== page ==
For example, an attacking infantry unit located adjacent to the targeted unit rolls three dice.  If the target is located two hexes away, the attacker rolls two dice.  If the target is three hexes away – the maximum distance in order for an infantry unit to fire – the attacker only rolls one die.  If the target is located in a forest, town or behind certain obstacles, the number of dice rolled is further reduced.  Artillery suffers similar reductions, while attacking armor always rolls three dice, reduced only by terrain. 

Each “hit” results in the removal of a unit from the targeted group.  Most groups contain multiple units, meaning they can suffer several casualties before being completely eliminated.  An eliminated group results in a Victory Medal for the attacker, with the accumulation of a prescribed number of victory medals resulting in victory.  

As with most military simulation games, there are other rules pertaining to line-of-sight, retreats, terrain, special units, and or peculiar situations.  These rules are very straight-forward and easy to grasp.  There truly is nothing complicated here.  There is little doubt that playability was stressed over historical accuracy.  For many, many people – myself included – that is just fine.  Don’t get me wrong, I enjoy the occasional detailed, historically accurate war game.  I still adore Squad Leader and Paths of Glory.  However, Memoir ‘44 does not pretend to play in that league.  Rather, it is clearly designed to be an easy, fast-playing game that can be played by all age groups.  The emphasis here is squarely on fast and fun as opposed to detailed simulation.  In this regard, Memoir ‘44 accomplishes its goal quite splendidly.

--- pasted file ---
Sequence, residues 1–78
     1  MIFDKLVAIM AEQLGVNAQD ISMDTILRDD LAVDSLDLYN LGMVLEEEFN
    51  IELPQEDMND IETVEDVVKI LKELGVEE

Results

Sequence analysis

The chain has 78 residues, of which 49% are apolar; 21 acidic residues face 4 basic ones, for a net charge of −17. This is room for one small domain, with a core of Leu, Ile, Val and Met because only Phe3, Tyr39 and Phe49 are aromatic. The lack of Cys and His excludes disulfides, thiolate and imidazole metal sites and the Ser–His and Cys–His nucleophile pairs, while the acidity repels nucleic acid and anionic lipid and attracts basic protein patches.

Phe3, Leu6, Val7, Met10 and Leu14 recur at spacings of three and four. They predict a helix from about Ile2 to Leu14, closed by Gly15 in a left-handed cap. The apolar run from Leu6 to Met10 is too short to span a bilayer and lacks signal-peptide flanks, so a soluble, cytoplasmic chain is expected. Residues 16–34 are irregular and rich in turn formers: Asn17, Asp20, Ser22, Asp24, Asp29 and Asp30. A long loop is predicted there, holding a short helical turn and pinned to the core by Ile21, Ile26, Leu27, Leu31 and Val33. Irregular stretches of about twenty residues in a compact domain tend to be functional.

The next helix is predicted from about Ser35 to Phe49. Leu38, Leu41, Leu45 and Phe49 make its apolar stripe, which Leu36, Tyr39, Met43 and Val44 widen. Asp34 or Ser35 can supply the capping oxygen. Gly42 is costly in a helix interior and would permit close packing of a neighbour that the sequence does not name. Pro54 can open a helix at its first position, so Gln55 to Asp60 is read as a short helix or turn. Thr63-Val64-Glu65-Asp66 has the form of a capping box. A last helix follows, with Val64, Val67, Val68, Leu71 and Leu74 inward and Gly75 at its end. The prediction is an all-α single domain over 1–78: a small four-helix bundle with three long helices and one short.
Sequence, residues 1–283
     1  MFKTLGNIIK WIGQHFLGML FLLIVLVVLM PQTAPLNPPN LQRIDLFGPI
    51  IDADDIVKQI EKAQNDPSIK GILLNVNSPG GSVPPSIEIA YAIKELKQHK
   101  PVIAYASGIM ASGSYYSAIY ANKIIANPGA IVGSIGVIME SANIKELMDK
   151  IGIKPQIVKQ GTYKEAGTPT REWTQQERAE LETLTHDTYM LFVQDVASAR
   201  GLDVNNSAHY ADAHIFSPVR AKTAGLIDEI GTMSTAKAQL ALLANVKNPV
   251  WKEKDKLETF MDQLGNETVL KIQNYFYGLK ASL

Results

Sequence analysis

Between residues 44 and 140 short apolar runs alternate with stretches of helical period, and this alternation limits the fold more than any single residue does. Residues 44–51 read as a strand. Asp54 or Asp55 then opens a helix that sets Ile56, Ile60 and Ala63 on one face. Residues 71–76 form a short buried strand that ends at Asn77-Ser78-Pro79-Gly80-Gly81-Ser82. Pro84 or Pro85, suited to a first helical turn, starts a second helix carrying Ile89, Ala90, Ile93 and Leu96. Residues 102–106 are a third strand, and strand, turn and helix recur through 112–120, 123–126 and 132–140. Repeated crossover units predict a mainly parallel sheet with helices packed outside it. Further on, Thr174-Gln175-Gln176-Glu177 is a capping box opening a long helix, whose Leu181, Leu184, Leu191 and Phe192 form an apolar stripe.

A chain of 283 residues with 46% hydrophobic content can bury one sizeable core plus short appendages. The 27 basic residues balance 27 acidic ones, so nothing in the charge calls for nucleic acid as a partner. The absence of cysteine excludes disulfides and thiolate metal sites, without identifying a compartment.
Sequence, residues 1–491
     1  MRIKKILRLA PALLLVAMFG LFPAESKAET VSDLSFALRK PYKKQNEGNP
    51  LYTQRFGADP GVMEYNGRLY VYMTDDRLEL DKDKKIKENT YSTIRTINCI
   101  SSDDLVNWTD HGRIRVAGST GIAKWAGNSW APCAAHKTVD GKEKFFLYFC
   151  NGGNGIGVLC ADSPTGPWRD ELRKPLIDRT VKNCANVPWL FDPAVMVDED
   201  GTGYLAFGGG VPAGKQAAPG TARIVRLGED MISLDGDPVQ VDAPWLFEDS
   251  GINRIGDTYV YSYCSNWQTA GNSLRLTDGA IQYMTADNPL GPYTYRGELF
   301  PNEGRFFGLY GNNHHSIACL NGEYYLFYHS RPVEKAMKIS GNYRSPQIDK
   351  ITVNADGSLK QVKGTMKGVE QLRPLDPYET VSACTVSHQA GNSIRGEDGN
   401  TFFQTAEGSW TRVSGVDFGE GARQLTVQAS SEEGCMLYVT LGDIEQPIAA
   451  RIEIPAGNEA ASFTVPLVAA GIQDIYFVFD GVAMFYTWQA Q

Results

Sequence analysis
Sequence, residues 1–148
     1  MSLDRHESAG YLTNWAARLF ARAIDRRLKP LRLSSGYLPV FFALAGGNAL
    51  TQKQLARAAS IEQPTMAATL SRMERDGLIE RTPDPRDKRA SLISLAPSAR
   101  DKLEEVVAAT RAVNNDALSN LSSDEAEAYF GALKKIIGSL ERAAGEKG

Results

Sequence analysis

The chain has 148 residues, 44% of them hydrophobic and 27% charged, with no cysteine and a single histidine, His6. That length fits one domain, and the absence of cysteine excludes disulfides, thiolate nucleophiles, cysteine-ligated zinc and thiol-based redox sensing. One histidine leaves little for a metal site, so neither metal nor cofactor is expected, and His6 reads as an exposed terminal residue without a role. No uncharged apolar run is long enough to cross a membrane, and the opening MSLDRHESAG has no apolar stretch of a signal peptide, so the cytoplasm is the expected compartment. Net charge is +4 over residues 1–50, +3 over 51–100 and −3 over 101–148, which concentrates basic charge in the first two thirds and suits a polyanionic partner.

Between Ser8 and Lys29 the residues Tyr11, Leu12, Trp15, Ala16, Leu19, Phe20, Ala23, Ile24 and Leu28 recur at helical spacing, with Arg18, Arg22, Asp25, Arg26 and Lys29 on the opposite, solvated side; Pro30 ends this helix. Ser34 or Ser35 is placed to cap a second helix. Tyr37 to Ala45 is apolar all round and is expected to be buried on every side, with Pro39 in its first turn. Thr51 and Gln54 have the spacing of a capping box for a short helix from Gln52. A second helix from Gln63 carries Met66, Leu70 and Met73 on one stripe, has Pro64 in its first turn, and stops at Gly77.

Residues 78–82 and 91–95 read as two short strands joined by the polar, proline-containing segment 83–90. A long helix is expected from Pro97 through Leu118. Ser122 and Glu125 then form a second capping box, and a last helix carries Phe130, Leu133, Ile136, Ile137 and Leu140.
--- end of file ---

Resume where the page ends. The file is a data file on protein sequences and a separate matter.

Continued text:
Adding to the fun is the outstanding production values of the game.  The game contains 180 detailed miniatures representing the Axis & Allied forces, as well as various obstacles.  The graphic illustrations on the Command cards are clear and pleasing, as are the board and terrain graphics.  The rules are lavishly illustrated in full color, and are easy to read and understand.  I cannot imagine many people having trouble quickly learning the game straight from the box.  Everything here screams “quality”, and the extra touches – including the plastic holders on which players display their cards – are a true mark of excellence. 

Days of Wonder seems committed to supporting Memoir ‘44, and have already released several new scenarios.  Further, they have made available a program on their website wherein players can devise their own scenarios.  I don’t think it will be too long before we see expansion packs, or even further games using the same system.